On Tuesday September 27, 2005, I'll be reading with Bryan Price, Daryl “Duke” Henry and Vermin supervillian Scott O'Connor. Plus, music by Black Powder. The fun starts at 8 o'clock sharp at the Tribal Cafe, Echo Park's hottest new venue for literary shenanigans. I'm going to read a disgusting/erotic story about a man and his meat slicer.
Posts here are going to be a scantier than usual for the next month while I gear up for the official release of my short story collection, Big Lonesome. On October 15 there will be a huge party at the Mountain in Chinatown and you're all invited. Until then I'll be posting some sporadic thoughts about being a first-time author here. There will be some road reports, reader reactions, links to reviews (he said hopefully) and the inside dirt on some of the stories in the collection. Stop by, lurk or link as you please.
It was a schizophrenic night at Ye Old Mountain Bar in Chinatown. No, there weren’t any EDPs in evidence (Emotionally Disturbed People) but there sure was a lot going on. First there was the west coast release of OpiumMagazine.print #1. It was also the kick-off reading for Tod Goldberg’s debut short story collection, Simplify. Amidst all that, Verminista artist Nuvia Crisol Guerra, who holds a special place in this rodent’s heart, launched a new line of novelty products featuring her artwork. Amidst all these frenetic goings on, I handed the microphone off to Opium editor-in-cheese, Todd Zuniga, and he introduced the Opium Den West Coast All Stars, none of whom are from the west coast. Why “All Stars?” Because they traveled from New York, Ann Arbor and Toronto to be with us, that’s why.
Do you remember Melissa Bell? Angelenos were graced with a second visit from Melissa Bell, the second half of the tag team from T dot, and she treated us to a hilarious essay about her addiction to reality television show Big Brother. Yours truly was the last performer of the first half, and I read “What Do You Do With a Drunken Sailor” (with tin whistle accompaniment) a story that I co-wrote with the amazing Elizabeth Ellen. Here she is, appropriately enough, at the HMS Bounty with Hobart editor Aaron Burch.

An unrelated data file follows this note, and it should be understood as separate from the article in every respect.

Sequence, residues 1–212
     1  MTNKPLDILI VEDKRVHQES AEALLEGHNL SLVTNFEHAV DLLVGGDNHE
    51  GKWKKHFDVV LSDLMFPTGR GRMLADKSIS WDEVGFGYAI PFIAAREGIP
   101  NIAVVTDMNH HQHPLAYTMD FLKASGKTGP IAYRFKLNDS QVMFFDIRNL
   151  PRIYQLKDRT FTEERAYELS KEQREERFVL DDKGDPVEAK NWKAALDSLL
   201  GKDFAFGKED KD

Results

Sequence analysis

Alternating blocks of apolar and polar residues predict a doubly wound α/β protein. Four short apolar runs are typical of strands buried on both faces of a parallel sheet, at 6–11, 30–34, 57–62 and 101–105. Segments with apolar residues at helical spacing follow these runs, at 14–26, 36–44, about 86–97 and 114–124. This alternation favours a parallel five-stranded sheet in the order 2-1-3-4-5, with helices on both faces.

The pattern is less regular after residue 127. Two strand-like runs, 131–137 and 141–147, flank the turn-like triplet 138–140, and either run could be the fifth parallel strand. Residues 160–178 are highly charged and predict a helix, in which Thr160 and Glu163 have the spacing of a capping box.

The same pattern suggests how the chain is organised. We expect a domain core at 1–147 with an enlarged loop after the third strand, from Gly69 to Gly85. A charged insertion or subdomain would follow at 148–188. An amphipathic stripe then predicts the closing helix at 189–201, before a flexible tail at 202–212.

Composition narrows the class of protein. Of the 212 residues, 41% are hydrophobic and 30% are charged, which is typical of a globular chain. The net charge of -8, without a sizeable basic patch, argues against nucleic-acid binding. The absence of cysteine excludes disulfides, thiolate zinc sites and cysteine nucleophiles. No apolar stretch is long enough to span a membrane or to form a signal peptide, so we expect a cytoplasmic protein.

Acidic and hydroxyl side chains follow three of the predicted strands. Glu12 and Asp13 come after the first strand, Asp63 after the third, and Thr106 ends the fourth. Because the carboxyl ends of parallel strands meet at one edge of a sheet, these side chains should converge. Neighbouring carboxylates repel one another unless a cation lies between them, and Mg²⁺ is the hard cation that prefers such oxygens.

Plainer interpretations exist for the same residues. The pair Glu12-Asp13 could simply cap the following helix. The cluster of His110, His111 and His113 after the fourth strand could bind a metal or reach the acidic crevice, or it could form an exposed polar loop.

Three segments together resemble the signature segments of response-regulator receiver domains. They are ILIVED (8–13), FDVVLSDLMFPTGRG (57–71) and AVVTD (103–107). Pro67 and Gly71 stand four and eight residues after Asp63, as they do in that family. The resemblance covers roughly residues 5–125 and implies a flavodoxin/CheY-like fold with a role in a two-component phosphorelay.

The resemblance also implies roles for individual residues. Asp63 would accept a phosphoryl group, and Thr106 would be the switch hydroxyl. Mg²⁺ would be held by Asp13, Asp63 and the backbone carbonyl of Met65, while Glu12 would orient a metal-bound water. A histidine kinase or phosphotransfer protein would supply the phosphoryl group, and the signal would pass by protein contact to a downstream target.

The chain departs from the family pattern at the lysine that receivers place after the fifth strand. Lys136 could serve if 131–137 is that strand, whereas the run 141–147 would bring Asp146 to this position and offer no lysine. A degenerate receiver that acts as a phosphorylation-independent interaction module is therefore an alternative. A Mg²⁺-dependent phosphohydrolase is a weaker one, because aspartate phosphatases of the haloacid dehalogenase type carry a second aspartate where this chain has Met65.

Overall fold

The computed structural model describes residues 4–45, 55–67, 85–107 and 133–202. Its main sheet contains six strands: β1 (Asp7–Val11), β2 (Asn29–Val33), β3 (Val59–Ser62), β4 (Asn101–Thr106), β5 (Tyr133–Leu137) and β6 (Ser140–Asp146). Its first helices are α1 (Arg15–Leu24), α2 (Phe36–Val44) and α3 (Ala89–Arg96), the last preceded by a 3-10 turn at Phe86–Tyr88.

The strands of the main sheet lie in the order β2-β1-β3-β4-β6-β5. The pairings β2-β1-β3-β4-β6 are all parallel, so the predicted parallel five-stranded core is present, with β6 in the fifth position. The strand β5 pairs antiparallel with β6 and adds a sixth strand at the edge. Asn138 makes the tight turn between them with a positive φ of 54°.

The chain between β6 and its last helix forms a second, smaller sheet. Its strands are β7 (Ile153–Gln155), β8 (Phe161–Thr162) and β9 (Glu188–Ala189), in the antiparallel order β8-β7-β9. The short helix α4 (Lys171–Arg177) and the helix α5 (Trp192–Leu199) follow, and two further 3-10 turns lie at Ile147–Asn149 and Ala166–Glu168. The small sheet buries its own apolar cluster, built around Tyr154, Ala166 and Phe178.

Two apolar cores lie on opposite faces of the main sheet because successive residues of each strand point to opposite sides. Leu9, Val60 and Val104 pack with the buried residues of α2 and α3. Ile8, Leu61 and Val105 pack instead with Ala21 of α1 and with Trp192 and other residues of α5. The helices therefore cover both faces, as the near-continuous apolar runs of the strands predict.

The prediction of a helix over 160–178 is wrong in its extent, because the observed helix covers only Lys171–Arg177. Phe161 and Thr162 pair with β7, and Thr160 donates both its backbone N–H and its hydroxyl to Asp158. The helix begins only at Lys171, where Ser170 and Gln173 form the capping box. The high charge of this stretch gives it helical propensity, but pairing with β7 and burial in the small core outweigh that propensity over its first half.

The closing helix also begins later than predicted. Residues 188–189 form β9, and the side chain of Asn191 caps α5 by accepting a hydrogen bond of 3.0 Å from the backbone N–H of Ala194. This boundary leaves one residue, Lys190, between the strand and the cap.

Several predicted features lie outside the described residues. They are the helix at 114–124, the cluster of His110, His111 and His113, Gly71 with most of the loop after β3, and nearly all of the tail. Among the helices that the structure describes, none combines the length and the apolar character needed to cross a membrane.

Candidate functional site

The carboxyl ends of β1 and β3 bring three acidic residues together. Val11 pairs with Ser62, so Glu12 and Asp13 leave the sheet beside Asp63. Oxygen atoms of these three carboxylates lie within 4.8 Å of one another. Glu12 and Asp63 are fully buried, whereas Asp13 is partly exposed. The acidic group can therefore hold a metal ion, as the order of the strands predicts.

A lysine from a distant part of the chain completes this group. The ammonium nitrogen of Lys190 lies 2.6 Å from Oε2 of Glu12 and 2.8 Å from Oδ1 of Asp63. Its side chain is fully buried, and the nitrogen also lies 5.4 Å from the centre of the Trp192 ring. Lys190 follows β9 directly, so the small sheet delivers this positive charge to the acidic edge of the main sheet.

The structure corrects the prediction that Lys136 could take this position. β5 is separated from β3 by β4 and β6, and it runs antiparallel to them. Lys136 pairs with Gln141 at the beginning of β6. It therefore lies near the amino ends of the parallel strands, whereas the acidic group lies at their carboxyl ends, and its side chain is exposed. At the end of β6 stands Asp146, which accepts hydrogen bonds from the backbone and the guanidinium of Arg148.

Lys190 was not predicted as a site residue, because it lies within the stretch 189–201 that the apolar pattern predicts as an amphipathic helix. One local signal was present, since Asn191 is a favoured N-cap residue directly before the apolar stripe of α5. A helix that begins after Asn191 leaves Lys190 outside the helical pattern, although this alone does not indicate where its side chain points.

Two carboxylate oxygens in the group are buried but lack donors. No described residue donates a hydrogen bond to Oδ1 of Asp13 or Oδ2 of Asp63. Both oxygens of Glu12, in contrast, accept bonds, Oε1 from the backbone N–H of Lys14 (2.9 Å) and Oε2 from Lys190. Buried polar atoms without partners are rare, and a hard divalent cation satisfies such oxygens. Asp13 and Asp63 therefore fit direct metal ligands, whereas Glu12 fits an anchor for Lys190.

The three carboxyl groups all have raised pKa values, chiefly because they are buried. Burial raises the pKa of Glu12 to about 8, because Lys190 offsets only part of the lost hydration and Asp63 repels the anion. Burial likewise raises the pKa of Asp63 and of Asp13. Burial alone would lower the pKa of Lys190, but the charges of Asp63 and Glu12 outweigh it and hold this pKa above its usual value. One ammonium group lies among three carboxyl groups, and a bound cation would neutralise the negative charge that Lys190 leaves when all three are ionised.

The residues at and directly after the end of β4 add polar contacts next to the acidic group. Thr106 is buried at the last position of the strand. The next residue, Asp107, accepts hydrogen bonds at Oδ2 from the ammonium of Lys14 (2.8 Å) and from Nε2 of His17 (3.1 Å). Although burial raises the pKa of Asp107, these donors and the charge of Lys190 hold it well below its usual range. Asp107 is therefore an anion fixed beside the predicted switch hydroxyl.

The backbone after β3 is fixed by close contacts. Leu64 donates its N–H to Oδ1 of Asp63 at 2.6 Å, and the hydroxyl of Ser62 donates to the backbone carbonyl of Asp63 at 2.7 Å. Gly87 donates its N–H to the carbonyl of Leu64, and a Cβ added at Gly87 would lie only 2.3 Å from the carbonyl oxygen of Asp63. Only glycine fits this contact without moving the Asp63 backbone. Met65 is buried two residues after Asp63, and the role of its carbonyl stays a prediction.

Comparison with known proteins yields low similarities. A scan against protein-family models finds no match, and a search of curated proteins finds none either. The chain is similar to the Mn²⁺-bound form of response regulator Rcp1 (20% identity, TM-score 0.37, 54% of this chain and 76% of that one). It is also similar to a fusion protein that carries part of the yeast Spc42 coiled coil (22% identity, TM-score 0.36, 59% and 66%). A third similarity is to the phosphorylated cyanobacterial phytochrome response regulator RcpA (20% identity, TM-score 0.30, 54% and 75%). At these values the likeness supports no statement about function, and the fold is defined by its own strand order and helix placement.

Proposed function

After a brief intermission, Todd Zuniga read a short piece from the magazine about a man who comes back from the dead to confront his girlfriend only to find she has taken another lover. Here’s Todd, very much alive, during the intermission with Vermin supporters Edith and Adriana.
Next, Josh Bearman gave us a preview of a magazine he edited for the next McSweeney’s issue called Yeti Researcher, the Journal of the Society of Cryptic Hominid Investigation. It’s filled with all kinds of articles about Yetis and it’s all absolutely 100% legit. I was able to put my hands on a copy at 826 LA HQ in Venice on Sunday and it’s very cool. (Full disclosure: I contributed a review to YR.)
Last but not least, Tod Goldberg, outer of fucktards, took the stage and read the title story from Simplify.
Afterwards, many of us convened at the Full House across the street where we celebrated a successful weekend of readings and the joys of independent book and periodical publishing with fried oysters and spinach. And that, my friends, is what you do with a drunken sailor.
Ann Arbor literary magazine Hobart unveils its new Travel Issue in Echo Park on Friday, September 16 at 8 PM. Editor Aaron Burch welcomes Pasha Malla (McSweeney’s), Mike McGowan (Hobart), Salvador Plascencia (The People of Paper) and Jim Ruland (Big Lonesome).
I'll be reading from my travel essay, The Mysteries of Manchester, which is about my search for the meaning behind the naming of the street where I live. You can also check out this photo essay from the trip.
The reading will be held at the Tribal Cafe is at 1651 W. Temple St in the Echo Park Arts District. Call 213 483 4458 for details.